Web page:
Premier League managers' tactical ingenuity is the best in the world
There are several glamorous things attached to the Premier League, making it arguably the finest in the world. The views it generates has made many owners millions of pounds in recent times. That profit allows clubs to invest in the best managers the globe has to offer. Looking at how much emphasis England's elite teams place on getting the right coach, it's obvious they expect specific results.
At this season's beginning, two of the Premier League's top six sides waved goodbye to their managers. Chelsea welcomed Maurizio Sarri as Antonio Conte's replacement. Further north in London, Arsenal chose Unai Emery to succeed the long-serving Arsene Wenger. Those changes have brought both the Blues and Gunners noticeable improvements, all in less than three months.
Throw in Liverpool, Tottenham Hotspur and the two Manchester teams, the Premier League is unrivalled when it comes to managerial quality. England isn't just a place they converge for the big bucks, they make things happen which has a great effect far and wide. These top managers impact how lower sides set up, too.
During Conte's Chelsea era, the Italian successfully utilised a three-at-the-back system to tame the league. His tactic worked so well that almost every side in the division tried it at one point. The type of ingenuity showed by the former Azzurri boss lives on among Premier League bosses this campaign.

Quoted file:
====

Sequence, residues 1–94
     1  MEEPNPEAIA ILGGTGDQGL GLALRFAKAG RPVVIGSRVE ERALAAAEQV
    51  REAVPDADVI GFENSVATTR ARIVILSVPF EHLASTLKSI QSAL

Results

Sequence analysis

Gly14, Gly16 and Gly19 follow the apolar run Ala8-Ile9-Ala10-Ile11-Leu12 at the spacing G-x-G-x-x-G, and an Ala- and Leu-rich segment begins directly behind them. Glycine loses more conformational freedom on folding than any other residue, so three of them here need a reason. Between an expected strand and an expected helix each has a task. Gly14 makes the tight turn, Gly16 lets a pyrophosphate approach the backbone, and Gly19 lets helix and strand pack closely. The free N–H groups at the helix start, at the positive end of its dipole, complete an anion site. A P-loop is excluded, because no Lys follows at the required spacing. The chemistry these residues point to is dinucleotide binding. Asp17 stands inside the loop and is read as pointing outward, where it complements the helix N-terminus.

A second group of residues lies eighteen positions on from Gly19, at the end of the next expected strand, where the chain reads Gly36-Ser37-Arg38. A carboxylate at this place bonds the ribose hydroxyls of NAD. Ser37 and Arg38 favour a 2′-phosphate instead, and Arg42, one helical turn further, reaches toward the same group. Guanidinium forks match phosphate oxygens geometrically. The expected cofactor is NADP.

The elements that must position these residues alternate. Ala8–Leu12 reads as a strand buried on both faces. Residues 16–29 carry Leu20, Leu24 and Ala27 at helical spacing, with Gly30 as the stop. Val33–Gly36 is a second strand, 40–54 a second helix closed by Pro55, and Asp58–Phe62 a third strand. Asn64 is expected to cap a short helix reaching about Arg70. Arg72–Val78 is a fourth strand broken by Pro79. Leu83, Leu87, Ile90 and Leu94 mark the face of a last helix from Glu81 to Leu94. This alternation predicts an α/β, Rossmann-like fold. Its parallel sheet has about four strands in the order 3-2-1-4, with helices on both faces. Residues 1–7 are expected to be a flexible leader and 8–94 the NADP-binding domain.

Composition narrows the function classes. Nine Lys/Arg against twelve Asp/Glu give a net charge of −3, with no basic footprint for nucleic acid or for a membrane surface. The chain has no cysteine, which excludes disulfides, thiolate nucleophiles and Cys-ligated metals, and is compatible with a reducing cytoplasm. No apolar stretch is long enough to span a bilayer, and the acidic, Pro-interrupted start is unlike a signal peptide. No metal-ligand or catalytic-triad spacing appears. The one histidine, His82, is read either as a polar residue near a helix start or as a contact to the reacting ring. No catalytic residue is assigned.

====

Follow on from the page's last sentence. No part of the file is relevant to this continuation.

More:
Jurgen Klopp's gegenpressing, when in full flow, works out every member of the opposition. The German's preferred style has helped his players to improve not only their work rate but overall performance. As a result, Liverpool reached a Champions League final for the first time in 11 years last season. Their system harnesses some individual brilliance, evidenced by Mohamed Salah's incredible performance.
Mauricio Pochettino is another formidable operator. The Argentine has taken Tottenham from regular Europa League contenders to a team with genuine title prospects. Doing so with little resources, he's considered a master in developing youth.
In Manchester, the two clubs arguably possess the world's best two managers. Pep Guardiola has done tremendous work at Manchester City, securing three trophies last campaign. The Catalan coach's CV includes lifting the Premier League, a title which has so far eluded arch-enemy Jose Mourinho at Manchester United. The Portuguese can boast the Europe League, EFL Cup double during his time at Old Trafford, though.
Guardiola and Mourinho use contrasting styles to bring about success. However, many believe the two reached such heights solely due to the money spent. Especially the Man City boss. That's the wrong way of thinking, though. A team's triumph is largely down to the manager, who enforces a strong work ethic to bring out each player's best.
City's achievement last season went somewhat under appreciated. That was mainly due to their Champions League run getting cut off at the last eight. But many forget that no team had ever broken the Premier League's 100-point barrier. The Citizens did so by playing at an intense level week in, week out, while also entertaining their supporters. None of it would have been possible without Guardiola.
City's success has a greater effect on the Premier League. The way they perform reverberates. It played a part in Everton sacking Sam Allardyce six months ago, replacing him with Marco Silva. Now backed financially, the Toffees' ownership demands a more attractive playing style, one which fans will appreciate. West Ham United took a similar route in swapping David Moyes for Manuel Pellegrini. This mentality, enforced by Guardiola and other managing pioneers, was unheard of in England's top flight not too long ago. It makes much sense now.
The Premier League's revolution has only just started. Managers such as Guardiola, Klopp and Pochettino will continue to push it forward. The question is, where will it end? Perhaps once perfection is achieved.